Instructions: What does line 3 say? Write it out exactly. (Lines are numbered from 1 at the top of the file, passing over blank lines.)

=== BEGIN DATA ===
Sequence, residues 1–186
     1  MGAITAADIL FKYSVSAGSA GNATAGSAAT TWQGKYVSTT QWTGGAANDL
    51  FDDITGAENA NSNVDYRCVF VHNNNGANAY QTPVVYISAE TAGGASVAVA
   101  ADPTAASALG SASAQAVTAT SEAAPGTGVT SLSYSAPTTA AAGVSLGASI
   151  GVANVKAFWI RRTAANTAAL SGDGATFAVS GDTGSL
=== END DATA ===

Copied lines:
    51  FDDITGAENA NSNVDYRCVF VHNNNGANAY QTPVVYISAE TAGGASVAVA